Developing your back with a solid back muscle workout week in and week out will help you to achieve a thick and powerful upper body. Your back muscles contribute to roughly 70% of your total muscle mass in your upper body.

T-Bar rows

Check out any back training video for any great bodybuilder and you’ll notice that their weapon of choice for adding back thickness is the T-bar row It is far superior to any other exercises in terms of activating your mid-lower traps, rhomboids, and inner lats. It also hits the rear delts, and although it won’t do as much as the number one exercise in terms of adding width; nothing compares in terms of adding thickness.



The benefits of performing heavy deadlifts are simply outstanding, both for your back muscles and your overall muscle gains. They work your body from head to toe and will help increase muscle mass all over your body.

You can’t replace deadlifts with any other exercise, they are an absolute must in any decent back workout routine.  Deadlifts are still one of the top exercises for increasing strenght and trunk stabilization which will aid you in your efforts for every other lift.


Seated cable row 

Seated cable rows are a traditional upper-back exercise. Adding a pause for three seconds when the bar gets to your torso, however, can increase your gains. The pause keeps your scapular retractors working longer. Strengthening these muscles is important because a weakness can lead to unstable shoulders—and that limits your strength and muscle gains in nearly every upper-body exercise, including the bench press and arm curl.
When you start this movement, pull your shoulders down and back. Otherwise, you’ll keep your shoulders elevated, which stresses the shoulder joint. Over time, this can cause your joint to become unstable, which often leads to injury.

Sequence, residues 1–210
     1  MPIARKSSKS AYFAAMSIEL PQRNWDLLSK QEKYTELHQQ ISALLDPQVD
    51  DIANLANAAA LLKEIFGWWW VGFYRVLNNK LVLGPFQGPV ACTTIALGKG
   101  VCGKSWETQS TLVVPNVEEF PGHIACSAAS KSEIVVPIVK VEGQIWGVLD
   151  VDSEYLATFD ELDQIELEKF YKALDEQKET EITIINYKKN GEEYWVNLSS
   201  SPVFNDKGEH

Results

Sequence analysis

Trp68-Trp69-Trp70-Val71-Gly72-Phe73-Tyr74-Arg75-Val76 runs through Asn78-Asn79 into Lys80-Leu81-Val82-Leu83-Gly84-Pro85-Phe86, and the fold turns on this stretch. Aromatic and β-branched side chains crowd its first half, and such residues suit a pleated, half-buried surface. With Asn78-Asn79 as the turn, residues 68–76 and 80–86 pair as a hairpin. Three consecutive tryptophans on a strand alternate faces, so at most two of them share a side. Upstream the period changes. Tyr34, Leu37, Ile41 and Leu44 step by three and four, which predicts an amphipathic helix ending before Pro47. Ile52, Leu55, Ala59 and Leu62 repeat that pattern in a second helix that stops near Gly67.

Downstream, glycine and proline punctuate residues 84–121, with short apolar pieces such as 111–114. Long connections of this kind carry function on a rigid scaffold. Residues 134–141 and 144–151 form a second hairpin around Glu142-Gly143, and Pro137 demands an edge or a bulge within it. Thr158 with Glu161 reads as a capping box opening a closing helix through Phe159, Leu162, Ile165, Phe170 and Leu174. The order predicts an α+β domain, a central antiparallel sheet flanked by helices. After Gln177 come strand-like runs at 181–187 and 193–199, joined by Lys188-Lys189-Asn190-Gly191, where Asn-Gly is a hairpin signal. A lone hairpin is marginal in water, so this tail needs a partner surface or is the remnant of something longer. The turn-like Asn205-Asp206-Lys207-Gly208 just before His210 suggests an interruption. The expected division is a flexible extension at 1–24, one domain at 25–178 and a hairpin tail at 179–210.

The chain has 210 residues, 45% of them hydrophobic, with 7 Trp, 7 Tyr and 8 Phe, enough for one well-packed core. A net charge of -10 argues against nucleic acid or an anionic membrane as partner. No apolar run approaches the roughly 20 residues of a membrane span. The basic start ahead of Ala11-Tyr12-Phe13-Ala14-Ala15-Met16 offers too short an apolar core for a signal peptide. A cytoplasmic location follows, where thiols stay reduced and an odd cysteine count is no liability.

One of the oldest and undisputed kings of the back exercises is the pull up. There are many variations to this exercise but the proper form that makes it king is with a pronated grip using your own body weight with added weight if possible. Not only does it activate the belly of your latissimus like no other, but it will activate every muscle in your back except for your trunk when it’s heavy enough. The pull-up is king of all back exercises.

Bent Over Barbell Row

The bent over barbell row is one of the primary back exercises for building mass in the middle and lower lats. There are multiple grip and body positions that can vary exactly what part of the muscle the exercise works. A wide grip will work the outer part of the lat muscle, while a close grip will work the inner part of the lat. Do not go closer than shoulder-width with the grip on this exercise. An underhand grip will work the forearms and will also work the lower part of the lat more. This exercise should not be used for those with low back problems. The weight needed to make it an effective exercise would likely put too much pressure on the low back. Instead of this exercise, those with low back problems should use a seated row machine with a chest pad


The hyperextension works to build strength in the lower back. It is one of the good back exercises for those who are just beginning to train the low back or who have suffered a low back injury in the past. When performing this exercise, it is important to know the limits of your flexibility. Once you are comfortable with the range of motion, weight can be added to the exercise by holding a dumbbell across your chest. Not a lot of weight is required to make the this exercise an effective one. This exercise should be performed in a controlled manner. Jerking or “exploding” upward could lead to injury

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